{Deutsche Version hier}

What to buy in the supermarket when first becoming vegan can be one of the biggest struggles. But don’t worry, for Veganuary I’ve created a detailed list with all the staples that you need in your vegan kitchen.

I have been vegan for nearly 9 years now, so I can only give my personal tips on how to do it in the supermarket. You need to know that I try to eat as much whole foods as possible. I don’t forbid myself from eating anything, eat packaged or processed products, white bread and normal sugar as well, but in moderation and I try to cook at home using only whole foods.

The vegan staples list (I do not buy everything at once from the list below, but usually have 1-2 products from every category at home):

  • Vegetables:
    • I try to bring in as much variety as possible during the week to cover all the nutrients and vitamins that I need! That’s why I do not have an exact list, but I buy a mix of:
    • Green vegetables such as lettuce, spinach (mostly frozen), kale (mostly frozen), zucchini, etc.
    • Paprika (high vitamin C content)
    • Cruciferous vegetables such as broccoli, Brussels sprouts, cauliflower, cabbage etc.
    • And of course standards like potatoes, onions and garlic, ginger
    • Etc.
  • Fruit:
    • Here I try to buy whats in season, but mostly I always have:
    • bananas
    • apples
    • Blueberries (mostly frozen)
    • Lemons
  • Pasta & other cereals / carbohydrates:
    • I try to buy wholewheat whenever I can e.g. wholewheat pasta
    • Rice and brown rice
    • Wholewheat, some may not like this, so other whole grains are also an option, e.g. Greens, wholemeal wheat, buckwheat, millet, etc.
  • Breakfast cereals:
    • Oats (great whole grain products!)
    • Crunchy granola
    • Muesli
    • Amaranth
    • Etc.
  • Nuts & seeds (I snack on them, add them to smoothies, or make sauces or pesto):
    • cashews
    • walnuts
    • hemp seeds
    • pumpkin seeds
    • Sunflower seeds (pretty cheap)
    • Flaxseed (cheap and I always have it at home and eat it every day!)
    • Hemp seds
    • Sesame seeds
    • almond butter, peanut butter, tahini and cashew butter in a jar (without salt or other additives, relatively expensive!)
    • Etc.
  • Canned goods:
    • Of course, you can also buy these dry and cook them yourself, but for beginners or if you need to whip something up fast canned products are the easiest
    • beans
    • Chickpeas
    • canned tomatoes
    • coconut milk (I buy coconut puree in a glass jar and just mix it right into the dishes or with warm water)
    • Etc.
  • Other protein sources:
    • Green peas – I usually buy them frozen and then use them spontaneously, for example I often just add them to sauces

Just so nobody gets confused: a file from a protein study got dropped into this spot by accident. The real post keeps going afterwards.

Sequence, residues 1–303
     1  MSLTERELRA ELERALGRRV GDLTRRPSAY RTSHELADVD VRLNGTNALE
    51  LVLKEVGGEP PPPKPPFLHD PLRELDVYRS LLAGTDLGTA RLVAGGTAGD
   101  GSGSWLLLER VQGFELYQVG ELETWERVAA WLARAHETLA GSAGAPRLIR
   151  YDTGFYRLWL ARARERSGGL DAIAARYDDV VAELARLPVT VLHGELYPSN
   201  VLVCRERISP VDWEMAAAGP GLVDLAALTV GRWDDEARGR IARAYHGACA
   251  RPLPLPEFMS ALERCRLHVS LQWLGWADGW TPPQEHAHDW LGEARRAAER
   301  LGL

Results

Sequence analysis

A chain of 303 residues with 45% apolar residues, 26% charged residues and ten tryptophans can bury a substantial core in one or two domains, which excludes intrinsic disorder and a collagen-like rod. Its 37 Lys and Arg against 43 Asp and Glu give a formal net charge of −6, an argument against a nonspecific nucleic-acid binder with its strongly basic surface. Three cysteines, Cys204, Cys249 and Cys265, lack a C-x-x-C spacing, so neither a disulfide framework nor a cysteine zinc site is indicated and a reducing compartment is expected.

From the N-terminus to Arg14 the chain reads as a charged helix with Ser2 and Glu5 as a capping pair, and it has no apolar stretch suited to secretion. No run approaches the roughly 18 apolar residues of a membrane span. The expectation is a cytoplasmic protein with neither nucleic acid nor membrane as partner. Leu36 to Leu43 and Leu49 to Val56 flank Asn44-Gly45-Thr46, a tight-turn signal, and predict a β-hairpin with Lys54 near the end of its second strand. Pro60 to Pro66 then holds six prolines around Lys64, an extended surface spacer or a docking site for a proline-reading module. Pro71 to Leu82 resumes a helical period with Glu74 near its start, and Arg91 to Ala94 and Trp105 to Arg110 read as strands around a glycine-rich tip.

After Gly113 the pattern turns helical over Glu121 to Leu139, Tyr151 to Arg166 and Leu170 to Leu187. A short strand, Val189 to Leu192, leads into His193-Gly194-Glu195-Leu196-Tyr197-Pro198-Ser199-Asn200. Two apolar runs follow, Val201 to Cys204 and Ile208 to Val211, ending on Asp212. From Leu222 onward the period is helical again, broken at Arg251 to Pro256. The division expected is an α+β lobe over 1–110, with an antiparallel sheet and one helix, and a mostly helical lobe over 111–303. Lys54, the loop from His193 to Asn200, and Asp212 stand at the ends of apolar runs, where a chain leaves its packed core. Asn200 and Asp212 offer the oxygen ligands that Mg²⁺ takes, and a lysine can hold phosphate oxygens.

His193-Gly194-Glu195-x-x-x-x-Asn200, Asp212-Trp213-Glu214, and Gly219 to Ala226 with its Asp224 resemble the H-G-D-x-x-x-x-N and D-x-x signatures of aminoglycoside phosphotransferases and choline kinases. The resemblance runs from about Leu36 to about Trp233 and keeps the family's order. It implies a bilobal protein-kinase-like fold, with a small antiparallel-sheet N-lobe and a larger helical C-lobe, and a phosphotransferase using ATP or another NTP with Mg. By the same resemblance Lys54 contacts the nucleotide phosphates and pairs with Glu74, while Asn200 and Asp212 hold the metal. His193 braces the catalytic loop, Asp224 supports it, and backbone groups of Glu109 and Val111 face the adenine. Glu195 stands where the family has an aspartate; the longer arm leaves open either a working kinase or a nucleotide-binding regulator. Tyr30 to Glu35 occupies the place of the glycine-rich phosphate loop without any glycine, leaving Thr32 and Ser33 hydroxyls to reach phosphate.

• Tempeh – I LOVE tempeh and swear on it! I usually buy turmeric tempeh from the company Tempehmanufaktur (unpaid advertising, haha)
    • Tofu: here you just have to try out different types for yourself, I often buy natural, organic and from Europe, and marinate it myself, but as a beginner I recommend one of the flavored Taifun tofus – these are the best (unpaid advertising)
    • Lentils, I like to buy red lentils, they cook the fastest
    • Seitan – I love it, if you buy seitan flour you can make your own seitan for very little money
    • Then my personal preference, but not a must: soy granules (eg for Bolognese)
  • Spices, vinegar, oils and similar:
    • Nutritional yeast – a MUST for the vegan kitchen 🙂 But not all brands taste good. I like the nutritional yeast from Dr. Ritter, which can be found in the health food store, as well as the nutritional yeast by Naturata
    • turmeric
    • Cayenne pepper
    • Holy Veggie spice by Sonnentor (advertising without commission, I just love)
    • Miso paste
    • Tamari
    • Kala namak salt (great for an “eggy” aroma)
    • vegetable stock
    • balsamic vinegar
    • mustard
    • And of course spices that you like, basil, oregano, etc.
    • I cook mostly without oil, I just use some water, and usually bake without oil, e.g. oven potatoes, which is why I don’t have many tips for delicious oils or vegan butter
  • Vegan Milk Alternatives:
    • Here you have to honestly try out what you like the most, here are my favorites:
    • Oatmilk, almost any, my absolute favorites are: Joya oatmilk unsweetened (in the Rewe), because it’s delicious, foams great and the price is ok for me, as well as Oatly Barista, with added vitamins, tastes really good and also foams very well (but it is quite expensive!!!)
    • Soymilk – almost doesn’t really matter which brand, as long as it is organic
  • sweeteners:
    • I also have normal sugar at home, as I said, I’m not so dogmatic, but I try to use it as little as possible
    • Maple syrup – great for baking and pancakes 🙂
    • Dates – great for smoothies!
    • rice syrup
  • protein powder
    • Only for gym rats, haha, not a must, but I’m often asked which protein powder I recommend, and the products of Vivo Life (unpaid advertising) are by far my favorite
  • Supplements:
    • In 30 days, you do not have to worry about it (if you’re sick or pregnant or any other special circumstances then talk to your doctor before you do this challenge), but if the question comes up: I supplement vitamin D and vitamin B12 regularly and also usually Omega 3


I often received feedback that the vegan diet is expensive. As I said, if you only buy replacement products, then yes. But since I was a student when I went vegan, I know that it can also be done on a smaller budget, even in smaller cities. Most of the products presented are very cheap and available almost everywhere. A few products, such as Kala Namak or nutritional yeast, can only be found in health food stores. But for these you buy them once and then they last for a very long time.

Here you can print the short version of the list:

A tip for the switch: